Though we live in a global economy, local citizens can choose their future. Will the local-economic-booster mentality lead communities to simply seek the next boom (with its inevitable bust)? Yes, if history is any guide.

Will communities change? Yes. Will they like it or, at least, be the better for it? It depends.

It is hard for most public land grazing permittees to change. A few have converted, and more will, to bed-and-breakfast operations. Some will convert to horse and llama operations hauling tourists into the backcountry (still get to wear the hat and drive the truck). Some will reconfigure their grazing operations solely to private lands. Some will not change.

Some people would rather die than change. For example, there is more money in raising domesticated bison than in cattle, yet few ranchers have made the switch. It is not what their daddy did. Resistance to change is not limited to ranchers. Most restaurants don't change their cuisine without also changing owners.

If you talk with many of the Oregon Desert "old guard" generation who fear change the most, you'll find that many have siblings who have long since moved to the city for economic advancement. The same is true of their aunts and uncles and great-aunts and uncles. Socially—if not genetically—selected, those left are often the least inclined to accept change, especially now, when change is visiting rural areas at a pace never before experienced.

In the range of the northern spotted owl, ten thousand timber jobs were lost when the government reduced timber cutting. Because of the controversy, $1.2 billion is being spent on economic transition. Unfortunately, most of this money is sucked up by bureaucracy or benefits mill owners more than mill workers.

Losing one's job to federal grazing reductions is no different and deserves no less attention. This time, let's spend the $120,000 per dislocated worker differently One-third should go to range restoration projects (breaching cattle reservoirs, unchannelizing streams, fighting weeds, removing roads, and so on) that create temporary transition jobs; one-third should go to the affected county to spend as it—not the federal government—sees fit (mitigating transition effects or investing in the future); and one-third should go directly to the dislocated workers to spend as they see fit (coasting into retirement, paying off the place, going back to school, starting a new business, moving elsewhere, partying one's way through denial, and so on).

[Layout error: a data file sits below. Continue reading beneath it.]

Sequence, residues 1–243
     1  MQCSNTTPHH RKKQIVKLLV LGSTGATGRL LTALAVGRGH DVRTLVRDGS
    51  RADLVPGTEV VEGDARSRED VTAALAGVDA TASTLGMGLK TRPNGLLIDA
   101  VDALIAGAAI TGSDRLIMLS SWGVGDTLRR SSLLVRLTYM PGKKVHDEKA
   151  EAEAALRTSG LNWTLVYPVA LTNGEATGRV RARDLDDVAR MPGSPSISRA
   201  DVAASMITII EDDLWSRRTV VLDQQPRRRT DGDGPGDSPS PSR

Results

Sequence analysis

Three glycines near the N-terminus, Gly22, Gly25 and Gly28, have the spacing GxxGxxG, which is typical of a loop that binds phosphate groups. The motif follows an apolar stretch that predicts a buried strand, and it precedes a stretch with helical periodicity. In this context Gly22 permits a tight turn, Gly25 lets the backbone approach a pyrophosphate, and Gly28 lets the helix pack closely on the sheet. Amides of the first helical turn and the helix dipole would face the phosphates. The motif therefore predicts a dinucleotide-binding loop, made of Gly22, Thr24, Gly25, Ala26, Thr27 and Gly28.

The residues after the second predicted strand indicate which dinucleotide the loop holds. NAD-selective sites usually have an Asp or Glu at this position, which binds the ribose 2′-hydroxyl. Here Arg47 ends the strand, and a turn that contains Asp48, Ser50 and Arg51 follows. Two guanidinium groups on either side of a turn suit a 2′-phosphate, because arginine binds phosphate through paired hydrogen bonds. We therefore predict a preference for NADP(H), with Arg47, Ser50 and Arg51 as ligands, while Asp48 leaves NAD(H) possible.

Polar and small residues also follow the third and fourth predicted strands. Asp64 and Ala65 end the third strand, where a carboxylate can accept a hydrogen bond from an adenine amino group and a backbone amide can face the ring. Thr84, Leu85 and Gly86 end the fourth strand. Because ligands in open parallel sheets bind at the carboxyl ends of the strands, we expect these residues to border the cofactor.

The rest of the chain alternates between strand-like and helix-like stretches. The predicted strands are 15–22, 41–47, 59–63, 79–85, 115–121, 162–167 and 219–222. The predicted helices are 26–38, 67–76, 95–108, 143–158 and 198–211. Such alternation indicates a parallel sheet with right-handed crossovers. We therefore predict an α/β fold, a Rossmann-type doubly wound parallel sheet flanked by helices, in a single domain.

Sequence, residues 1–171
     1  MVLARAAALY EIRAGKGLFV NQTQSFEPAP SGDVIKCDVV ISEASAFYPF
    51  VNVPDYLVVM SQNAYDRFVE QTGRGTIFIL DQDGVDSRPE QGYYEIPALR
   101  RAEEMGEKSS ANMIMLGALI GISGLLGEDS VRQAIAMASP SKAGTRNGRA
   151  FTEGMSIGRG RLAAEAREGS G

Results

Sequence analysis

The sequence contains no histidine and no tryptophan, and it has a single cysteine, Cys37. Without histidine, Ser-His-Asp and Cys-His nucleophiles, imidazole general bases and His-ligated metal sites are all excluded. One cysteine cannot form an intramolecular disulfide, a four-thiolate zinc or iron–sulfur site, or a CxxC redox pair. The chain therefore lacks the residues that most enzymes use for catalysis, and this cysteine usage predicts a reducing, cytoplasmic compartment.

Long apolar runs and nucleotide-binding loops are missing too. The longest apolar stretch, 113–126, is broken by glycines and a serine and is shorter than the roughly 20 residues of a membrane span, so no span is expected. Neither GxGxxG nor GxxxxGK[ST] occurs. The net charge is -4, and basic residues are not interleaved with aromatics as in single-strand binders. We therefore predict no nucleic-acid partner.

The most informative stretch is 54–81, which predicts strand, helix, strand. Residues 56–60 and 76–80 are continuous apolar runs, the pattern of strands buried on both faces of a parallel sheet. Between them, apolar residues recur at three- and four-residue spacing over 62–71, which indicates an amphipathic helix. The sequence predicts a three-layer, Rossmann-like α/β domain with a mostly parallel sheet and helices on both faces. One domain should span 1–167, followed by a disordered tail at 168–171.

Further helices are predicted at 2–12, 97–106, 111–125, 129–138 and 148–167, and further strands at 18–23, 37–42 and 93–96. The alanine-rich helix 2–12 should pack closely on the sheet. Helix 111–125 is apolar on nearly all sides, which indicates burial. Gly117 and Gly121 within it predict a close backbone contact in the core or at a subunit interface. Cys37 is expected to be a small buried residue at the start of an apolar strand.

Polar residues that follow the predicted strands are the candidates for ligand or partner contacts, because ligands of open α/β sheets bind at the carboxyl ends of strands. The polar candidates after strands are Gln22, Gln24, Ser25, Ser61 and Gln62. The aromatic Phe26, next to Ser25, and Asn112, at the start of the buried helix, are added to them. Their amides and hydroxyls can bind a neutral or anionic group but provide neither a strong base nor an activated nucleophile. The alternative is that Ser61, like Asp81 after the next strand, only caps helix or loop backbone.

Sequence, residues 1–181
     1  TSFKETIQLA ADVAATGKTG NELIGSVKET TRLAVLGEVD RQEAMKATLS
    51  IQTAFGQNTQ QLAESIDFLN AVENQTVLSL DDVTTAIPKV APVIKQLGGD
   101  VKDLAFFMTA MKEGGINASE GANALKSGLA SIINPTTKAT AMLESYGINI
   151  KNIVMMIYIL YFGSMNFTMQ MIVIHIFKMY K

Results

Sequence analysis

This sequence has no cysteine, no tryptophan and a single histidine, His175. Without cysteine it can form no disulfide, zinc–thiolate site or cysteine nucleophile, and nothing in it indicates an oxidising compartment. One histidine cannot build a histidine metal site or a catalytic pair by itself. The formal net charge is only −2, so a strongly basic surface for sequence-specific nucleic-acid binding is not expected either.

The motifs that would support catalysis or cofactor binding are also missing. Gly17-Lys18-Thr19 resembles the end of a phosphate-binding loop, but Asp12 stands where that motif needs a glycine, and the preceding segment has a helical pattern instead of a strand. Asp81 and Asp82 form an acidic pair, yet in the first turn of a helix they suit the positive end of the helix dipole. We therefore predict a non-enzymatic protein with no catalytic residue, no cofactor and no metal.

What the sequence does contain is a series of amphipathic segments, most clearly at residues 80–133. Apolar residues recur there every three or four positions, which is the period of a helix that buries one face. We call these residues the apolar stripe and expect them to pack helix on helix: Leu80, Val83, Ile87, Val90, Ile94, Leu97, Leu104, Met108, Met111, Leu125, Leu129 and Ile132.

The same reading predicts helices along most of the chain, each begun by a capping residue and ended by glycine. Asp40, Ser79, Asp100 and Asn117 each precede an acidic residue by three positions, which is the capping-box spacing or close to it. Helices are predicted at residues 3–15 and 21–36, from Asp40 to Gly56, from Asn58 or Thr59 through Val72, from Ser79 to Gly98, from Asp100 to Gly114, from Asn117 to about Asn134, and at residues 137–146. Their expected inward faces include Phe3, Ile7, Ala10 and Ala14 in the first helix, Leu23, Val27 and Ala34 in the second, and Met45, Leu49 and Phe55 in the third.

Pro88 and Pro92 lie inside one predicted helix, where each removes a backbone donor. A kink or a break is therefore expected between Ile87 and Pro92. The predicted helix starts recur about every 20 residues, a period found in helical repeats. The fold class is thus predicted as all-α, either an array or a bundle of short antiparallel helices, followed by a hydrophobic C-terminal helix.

In the end, we must remember that this harsh land will never support very many people. History has shown us this time and again. We must also never forget that most of the Oregon Desert belongs to all Americans and shouldn't be exploited just to benefit a few locals or absentee corporations.

Those whom the land does support will exploit location more than resources. Burns is so unprone to earthquakes that it markets itself as the best place for data storage. Lakeview is specializing in tourism from hang-gliding. Done carefully, tourism and recreation hold more money and future for the Oregon Desert than does anything else.

The necessary shift in attitude is occurring, though not without stress. Increasingly, more are seeing the future in tourism or whatever, but certainly not in livestock and timber. An old guard, when it doesn't get its way as it used to, usually reacts by doing the same thing it always has, only louder and harder. This works for a while—as it intimidates those who would change—but in the end, such behavior is futile.

A friend was recently at the Safeway in Burns. By his outfit, he was marked as an outsider/westsider/touristibirder/conservationist (amazingly, many locals don't distinguish any difference). Two cowboys (also marked by their outfits) approached, and one said: "Spend your money and go home." At least they recognize where the money is coming from. As American writer Bernard Devoto noted in the mid-twentieth century: "The average local response in the West to the federal government: give us more money and leave us alone."

Economists have documented the "designation effect" of increased tourism on designation of wilderness and other special management areas. To the degree that livestock are removed from the public land, the hunting, fishing, and hiking will greatly improve and attract more visitors (which will create more outfitting and other jobs). All will infuse money into the local economy.

Successful communities will be those that drive forward by looking through the windshield and not in the rearview mirror.